- Small Price, Big Flavors: Stewed Cabbage and Luganica (north Italian sausage) with Basmati Rice (or polenta, or ‘taters, or…)…if you want a deep, rich flavor on a cool eve but dont feel much like cooking, you can shove this oh-so-easy-to-make classic on a back burner:
- Shakespeare Week – Wednesday Will: Rosencrantz and Guildenstern’s Dead Fish Soup…for Will’s Week, take have a listen or read Vanessa’s fun review of Romeo and Juliet at Food In Books: – podcast: https://anchor.fm/cookingthebooks/episodes/Shakespeares-Hamlet-and-the-Dysfunctional-Joy-of-Chicken-Pies-in-Coffins-or-The-Funeral-Baked-Meats-e1a0t0t Blog: https://foodinbooks.com/?s=Shakespeare …or, for a longer meal – Dinner at The Globe: https://www.amazon.com/dp/1695771451 “A man may fish with the worm that hath eat of a king, and eat the fish that hath […]
- Wednesday Will: Othello’s Venetian Roasted Bird….for easter and Will’s birthday – on sale now at amazon: https://www.amazon.co.uk/dp/B082RFLCXK “She’s even setting on water to scald such Chickens as you…” Timon of Athens, 2.2 After being adopted by a conservative Italian military family, the Cynthia’s, Othello, the first black chef to achieve a certain level of fame in Europe, finished his culinary […]
- Woman’s Month Recipe: Fried Seminal Fluid Sacks. (So men are at least are good for something…)Yesterday for the first time I made fried milt, not knowing what it was, and ate it with a girl friend. Marvelous, breaded in kamut flour and grated lemon rind with a bit of green-tea salt. When today I asked our fish dealer just where milt comes from, she explained: “sacks of seminal fluid. The eggs are from the females, the milt….” To which my friend said “Oh. So men are at least good for something….”
- Small Price, Big Flavor Meals: ‘Q.B.’ (Quanto Basta) – The Most Important Acronym in Italian Cuisine (and Braised Pig Shanks with Polenta.)This is such a marvel of a plate. Deep, satisfying flavors perfect for any cool eve – despite its humble market consideration. You can alter the flavors by fiddling with the marinade and sudes and any sauces. The meat the next day is even better in sandwiches and the cooking pot remains perfect to be blended and mixed into noodles for a pasta dish the following eve. QB.
- Wednesday Will – Sole Fish Saltinbocca (for BIG Ben Jonson)Though a simple enough dish to make, timing, as nearly always when preparing fish, is essential. The first thing is to take sole filets and lay them flat. On top of each filet place a thin slice of prosciutto. Role the layer whole into loose tubes, fish on the outside, and secure them using wooded skewers or toothpicks. Next, peel and seed the tomatoes and hand puree them into a lovely, fragrant pulp.
- Wednesday Will: Hamlet’s Pan-Fried Sole“To fry, or not to fry” is probably the most famous recipe line in the world and its chef perhaps the most widely interpreted. When well prepared, “Hamlet’s Fried Sole” has been described by some food critics as being a religious experience. Others note that Hamlet is fundamentally a Sophist cook, pointing to his question […]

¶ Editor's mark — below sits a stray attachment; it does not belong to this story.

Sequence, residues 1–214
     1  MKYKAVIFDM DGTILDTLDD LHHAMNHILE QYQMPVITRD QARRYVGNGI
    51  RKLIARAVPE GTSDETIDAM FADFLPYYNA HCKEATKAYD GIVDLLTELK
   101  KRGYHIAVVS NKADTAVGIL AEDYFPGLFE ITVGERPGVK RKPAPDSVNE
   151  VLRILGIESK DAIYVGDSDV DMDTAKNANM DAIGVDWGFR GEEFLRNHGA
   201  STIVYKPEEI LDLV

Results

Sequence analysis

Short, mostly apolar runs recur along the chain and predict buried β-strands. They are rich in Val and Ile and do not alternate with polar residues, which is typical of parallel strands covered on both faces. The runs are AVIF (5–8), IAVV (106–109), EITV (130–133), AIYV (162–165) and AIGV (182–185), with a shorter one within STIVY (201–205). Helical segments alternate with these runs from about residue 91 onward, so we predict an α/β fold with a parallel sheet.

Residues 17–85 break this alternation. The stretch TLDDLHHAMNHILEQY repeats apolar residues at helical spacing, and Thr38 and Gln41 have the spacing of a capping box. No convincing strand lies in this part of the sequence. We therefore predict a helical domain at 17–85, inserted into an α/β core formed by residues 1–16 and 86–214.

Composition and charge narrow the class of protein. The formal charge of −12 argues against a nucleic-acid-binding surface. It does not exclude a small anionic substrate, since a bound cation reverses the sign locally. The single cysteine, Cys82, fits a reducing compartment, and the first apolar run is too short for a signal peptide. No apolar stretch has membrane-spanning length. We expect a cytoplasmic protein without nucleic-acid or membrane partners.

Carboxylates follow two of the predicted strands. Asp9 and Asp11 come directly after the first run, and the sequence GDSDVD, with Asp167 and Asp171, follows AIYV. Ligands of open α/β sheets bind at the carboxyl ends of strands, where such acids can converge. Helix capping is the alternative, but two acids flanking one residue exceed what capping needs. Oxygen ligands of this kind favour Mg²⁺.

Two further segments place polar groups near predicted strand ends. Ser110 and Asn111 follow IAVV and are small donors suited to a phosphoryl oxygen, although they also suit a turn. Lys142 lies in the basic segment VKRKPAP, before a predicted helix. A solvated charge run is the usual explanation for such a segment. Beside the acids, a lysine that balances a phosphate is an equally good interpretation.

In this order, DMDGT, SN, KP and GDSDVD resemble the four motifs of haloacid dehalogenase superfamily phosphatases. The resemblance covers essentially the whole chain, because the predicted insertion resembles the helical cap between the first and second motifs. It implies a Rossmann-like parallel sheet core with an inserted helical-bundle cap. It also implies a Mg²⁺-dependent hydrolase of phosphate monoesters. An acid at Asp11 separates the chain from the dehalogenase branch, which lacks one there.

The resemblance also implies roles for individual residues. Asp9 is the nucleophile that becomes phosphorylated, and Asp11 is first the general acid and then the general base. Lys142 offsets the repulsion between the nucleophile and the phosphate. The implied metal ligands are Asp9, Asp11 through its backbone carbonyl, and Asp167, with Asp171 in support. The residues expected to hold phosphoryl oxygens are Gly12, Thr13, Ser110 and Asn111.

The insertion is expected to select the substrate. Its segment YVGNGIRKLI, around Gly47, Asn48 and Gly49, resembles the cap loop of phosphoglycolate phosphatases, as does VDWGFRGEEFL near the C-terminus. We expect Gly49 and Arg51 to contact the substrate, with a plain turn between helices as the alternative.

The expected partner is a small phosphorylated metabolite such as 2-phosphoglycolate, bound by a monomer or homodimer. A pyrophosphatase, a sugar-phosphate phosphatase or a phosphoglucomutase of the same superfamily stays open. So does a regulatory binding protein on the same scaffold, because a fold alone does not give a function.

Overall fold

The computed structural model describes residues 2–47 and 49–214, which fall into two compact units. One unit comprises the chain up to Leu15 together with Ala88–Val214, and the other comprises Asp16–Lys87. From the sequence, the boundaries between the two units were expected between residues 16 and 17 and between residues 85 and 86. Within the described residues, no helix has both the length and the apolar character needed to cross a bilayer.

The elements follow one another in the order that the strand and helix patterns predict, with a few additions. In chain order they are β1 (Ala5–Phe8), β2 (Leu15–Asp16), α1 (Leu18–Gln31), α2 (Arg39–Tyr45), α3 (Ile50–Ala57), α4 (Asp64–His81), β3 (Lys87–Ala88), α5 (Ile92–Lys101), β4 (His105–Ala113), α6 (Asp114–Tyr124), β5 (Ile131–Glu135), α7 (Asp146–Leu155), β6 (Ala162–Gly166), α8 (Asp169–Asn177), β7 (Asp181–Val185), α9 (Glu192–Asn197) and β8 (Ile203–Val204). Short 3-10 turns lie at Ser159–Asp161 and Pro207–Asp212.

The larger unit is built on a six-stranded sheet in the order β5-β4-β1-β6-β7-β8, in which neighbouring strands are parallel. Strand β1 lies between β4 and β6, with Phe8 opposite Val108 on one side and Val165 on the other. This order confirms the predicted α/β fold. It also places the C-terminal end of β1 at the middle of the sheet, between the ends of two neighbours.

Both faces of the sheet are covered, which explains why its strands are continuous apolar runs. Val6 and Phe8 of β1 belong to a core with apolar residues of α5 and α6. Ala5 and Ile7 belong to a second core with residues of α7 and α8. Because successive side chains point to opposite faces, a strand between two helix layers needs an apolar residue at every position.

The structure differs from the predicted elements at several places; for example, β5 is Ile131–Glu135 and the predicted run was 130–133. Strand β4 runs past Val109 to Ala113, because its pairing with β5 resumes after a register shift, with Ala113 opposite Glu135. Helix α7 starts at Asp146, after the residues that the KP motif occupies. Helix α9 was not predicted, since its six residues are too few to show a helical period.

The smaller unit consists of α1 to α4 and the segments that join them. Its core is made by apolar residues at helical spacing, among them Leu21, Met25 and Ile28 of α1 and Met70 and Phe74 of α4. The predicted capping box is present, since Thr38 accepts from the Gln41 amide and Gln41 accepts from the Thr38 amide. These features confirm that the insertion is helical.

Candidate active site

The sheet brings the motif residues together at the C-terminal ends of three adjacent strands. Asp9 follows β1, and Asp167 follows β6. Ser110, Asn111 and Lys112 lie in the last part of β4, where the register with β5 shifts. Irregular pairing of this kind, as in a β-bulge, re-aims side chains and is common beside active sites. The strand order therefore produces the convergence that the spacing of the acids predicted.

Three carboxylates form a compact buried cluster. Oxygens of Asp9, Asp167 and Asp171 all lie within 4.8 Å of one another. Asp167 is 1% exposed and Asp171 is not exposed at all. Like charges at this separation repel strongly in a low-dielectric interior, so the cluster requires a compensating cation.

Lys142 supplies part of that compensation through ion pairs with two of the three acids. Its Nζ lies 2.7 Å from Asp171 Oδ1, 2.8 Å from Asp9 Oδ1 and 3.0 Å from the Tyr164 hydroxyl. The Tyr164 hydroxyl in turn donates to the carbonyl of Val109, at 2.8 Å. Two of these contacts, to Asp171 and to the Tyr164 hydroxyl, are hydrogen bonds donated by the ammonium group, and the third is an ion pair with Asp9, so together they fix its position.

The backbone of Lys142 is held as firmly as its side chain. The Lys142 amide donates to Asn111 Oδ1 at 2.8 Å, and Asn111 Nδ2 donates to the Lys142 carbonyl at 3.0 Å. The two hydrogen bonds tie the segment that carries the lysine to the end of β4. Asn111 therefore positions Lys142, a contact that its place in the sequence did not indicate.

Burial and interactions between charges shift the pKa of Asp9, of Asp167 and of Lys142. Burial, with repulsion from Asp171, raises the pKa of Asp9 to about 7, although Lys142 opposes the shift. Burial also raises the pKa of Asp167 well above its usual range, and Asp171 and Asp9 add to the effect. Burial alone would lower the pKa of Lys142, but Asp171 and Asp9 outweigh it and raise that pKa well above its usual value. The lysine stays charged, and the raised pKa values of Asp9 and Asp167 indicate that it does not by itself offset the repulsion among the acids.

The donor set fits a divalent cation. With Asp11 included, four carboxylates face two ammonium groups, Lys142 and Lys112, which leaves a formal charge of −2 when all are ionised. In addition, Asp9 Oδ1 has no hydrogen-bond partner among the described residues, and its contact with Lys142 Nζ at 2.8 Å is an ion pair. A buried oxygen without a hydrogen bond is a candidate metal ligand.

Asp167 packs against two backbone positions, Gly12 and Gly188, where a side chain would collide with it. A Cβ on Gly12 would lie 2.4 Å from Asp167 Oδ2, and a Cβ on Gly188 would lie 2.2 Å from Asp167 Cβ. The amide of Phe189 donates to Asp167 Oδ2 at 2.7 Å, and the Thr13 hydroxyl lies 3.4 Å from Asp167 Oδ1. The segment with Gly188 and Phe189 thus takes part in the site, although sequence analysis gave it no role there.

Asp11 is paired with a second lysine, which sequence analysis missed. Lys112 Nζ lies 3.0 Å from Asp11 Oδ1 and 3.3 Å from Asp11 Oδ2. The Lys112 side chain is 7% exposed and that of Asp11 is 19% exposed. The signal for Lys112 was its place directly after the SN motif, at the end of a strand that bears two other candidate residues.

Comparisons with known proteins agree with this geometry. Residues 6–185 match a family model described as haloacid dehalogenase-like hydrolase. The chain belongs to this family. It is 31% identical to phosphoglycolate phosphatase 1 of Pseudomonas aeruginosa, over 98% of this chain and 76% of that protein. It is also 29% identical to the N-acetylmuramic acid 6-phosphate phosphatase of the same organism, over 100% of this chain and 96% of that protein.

- Halloween Week: The Haunting of Hill House by Shirley Jackson (and roast chicken with lemon plums. Guest post from Food In Books…)A marvelous dish! Exotic, subtle flavors and somewhat complex, with just a hint of the Casbah, yet familiar enough to taste comfortingly of home.
- Brazilian Fish Stew (Moqueca)
In particular there was Brazilian chef, Hindrigo Lorran (Kiko), who would create multi course extravagant meals featuring Mediterranean palette cuisine. He also made this lovely fish stew from Brazil. I needed to try it and, after some experimenting to make it easier for a home cook, came up with my humble version of the dish.
My family and I enjoy it as a warm, cozy, filling meal. It provides some intense flavors with the cumin and paprika accompanying the aromatic flavors of garlic, lime and coconut milk. A rich flavor similar to curries.
- Big Flavor, Small Price meals: Cous Cous with Mackerel, Glazed Carrots and Spring OnionOnce the sugar (or honey) starts to melt, in go the carrots peices, toss until well coated, maybe add a pinch or two of cinnamon, toss again, then a tiny bit of water, a tablespoon or 3, and toss until the fluid evapoates and carrots glaze-caramlize. You’ll have to use your nose here – don’t burn them but don’t leave them whimpy either. Just before mixing it all together, into the main bowl.
- Wednesday Will: The Merry Wives’ Plateau de MerThough not exactly one of Shakespeare’s most complex dishes, “The Merry Wives’ Plateau de Mer” is nevertheless one of the more popular plates on the menu at the Globe. What’s not to like in gigantic dish of the freshest shellfish on ice? It’s rumored that even Elizabeth stops by from time to time – incognito, of course – to indulge in the plateau.
- Hamburger DayThat last part stuck with me – the quality of the meat you use, and the grilling, are what determine whether a burger is something oddly perfect, a grand dish, or, uh… something more adapt for a drive-through, paid for across a window, necessitating suger-coated fried potatoes as a side distraction, various special and not-so-special sauces to mask the meat’s mediocrity while the whole eaten quickly, parked aside where few if anyone else can spy, radio on softly, motor running, in shame: ‘Bless me father for I have sinned…’ ‘Eat 3 green salads and drink 2 cups of herbal tea. Amen.’
- Wednesday Will – The Most Delicious Italian Shepherd’s Pie of Titus Andronicus“The feast is ready, which the careful Titus/ Hath ordained to an Honourable end.” Titus, 5.3 Often derided as Shakespeare’s sloppiest meat dish – even to the point of questioning whether “Shepherd’s Pie” was actually prepared by Shakespeare or an attempt by some lesser-known chef de garde manger to get promoted to the line – […]